Senator ABETZ: And can you confirm that the ABC has still not reported on this story nationally?

Ms Higgins : I think that—

Mr Sunderland : We've done that one story that we referred to earlier.

Senator ABETZ: It was not national, though, was it? It was a local ABC story, was it not?

Mr Sunderland : It would have been run in New South Wales.

Senator ABETZ: Yes, so it was not national.

Mr Sunderland : I can double-check that, but I don't believe so.

Senator ABETZ: Can you give any explanation as to why the ABC would not have broadcast something like that nationally?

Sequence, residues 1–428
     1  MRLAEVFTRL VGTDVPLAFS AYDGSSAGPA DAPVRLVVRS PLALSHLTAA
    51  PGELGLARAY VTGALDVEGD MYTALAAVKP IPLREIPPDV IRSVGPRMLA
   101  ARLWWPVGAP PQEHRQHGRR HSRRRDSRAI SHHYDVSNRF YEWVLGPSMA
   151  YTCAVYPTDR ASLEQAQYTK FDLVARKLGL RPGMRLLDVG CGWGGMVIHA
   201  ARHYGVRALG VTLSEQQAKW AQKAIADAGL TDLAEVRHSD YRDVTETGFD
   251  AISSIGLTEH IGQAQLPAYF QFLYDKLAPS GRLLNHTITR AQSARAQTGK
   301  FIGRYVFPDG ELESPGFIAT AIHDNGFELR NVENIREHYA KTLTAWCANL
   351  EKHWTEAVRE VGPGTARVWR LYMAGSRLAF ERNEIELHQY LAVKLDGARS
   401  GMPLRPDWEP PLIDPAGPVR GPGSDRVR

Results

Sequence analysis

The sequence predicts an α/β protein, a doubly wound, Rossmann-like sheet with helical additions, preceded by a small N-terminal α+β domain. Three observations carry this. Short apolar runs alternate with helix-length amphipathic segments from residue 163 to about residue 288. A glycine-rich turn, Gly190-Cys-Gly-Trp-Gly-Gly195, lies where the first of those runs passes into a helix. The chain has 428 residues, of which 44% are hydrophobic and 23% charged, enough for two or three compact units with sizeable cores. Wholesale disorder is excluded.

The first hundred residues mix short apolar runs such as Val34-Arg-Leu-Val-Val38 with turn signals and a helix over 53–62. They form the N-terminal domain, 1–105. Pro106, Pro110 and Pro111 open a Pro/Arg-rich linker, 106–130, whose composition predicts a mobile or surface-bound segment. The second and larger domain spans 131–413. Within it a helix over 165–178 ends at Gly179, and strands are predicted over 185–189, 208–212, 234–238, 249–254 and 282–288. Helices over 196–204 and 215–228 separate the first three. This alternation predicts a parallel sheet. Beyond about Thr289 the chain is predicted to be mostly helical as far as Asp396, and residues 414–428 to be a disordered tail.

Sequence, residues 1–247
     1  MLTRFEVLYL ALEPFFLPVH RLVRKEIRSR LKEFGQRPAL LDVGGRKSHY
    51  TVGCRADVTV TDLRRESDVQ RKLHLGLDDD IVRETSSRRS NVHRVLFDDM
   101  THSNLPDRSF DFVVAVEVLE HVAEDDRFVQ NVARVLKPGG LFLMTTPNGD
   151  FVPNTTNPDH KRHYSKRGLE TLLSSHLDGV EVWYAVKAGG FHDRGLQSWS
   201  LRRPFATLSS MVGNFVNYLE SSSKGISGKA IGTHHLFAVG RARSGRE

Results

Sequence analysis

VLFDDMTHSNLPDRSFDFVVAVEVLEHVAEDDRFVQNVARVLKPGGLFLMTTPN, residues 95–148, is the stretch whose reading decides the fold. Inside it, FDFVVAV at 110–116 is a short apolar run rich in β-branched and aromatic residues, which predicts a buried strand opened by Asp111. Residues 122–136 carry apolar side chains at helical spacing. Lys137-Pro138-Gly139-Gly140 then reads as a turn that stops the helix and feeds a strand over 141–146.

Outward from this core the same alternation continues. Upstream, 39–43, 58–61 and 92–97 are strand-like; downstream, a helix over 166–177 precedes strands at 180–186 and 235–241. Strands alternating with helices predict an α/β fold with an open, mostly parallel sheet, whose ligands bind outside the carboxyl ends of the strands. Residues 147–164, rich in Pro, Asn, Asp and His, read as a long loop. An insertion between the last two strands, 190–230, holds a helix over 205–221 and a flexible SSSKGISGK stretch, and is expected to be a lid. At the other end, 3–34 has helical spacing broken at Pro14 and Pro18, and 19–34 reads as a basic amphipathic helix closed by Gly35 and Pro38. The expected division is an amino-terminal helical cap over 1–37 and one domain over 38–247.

Mr Sunderland : The story was treated on its merits. Speaking as the editorial director of the ABC, the advice that we provide to our ABC content teams when they're doing stories that touch on or relate to the ABC is that they treat them as they would any other story, on their merits, editorially, that they don't either overemphasise or underemphasise. There's a tendency sometimes to navel-gaze about the ABC, and there's a tendency in other media organisations not to report anything negatively about their own organisations. We try not to take any of those courses of action. The advice that we consistently provide on this issue, as any other, is to report it on its merits according to the significance of it. That's what I think was done at the time, and I'm comfortable with the level of coverage that this issue received in the context of the great many quite significant and quite unfortunate events of this that happen all around Australia all the time. It's a terrible problem. We do report on it. We do not report nationally—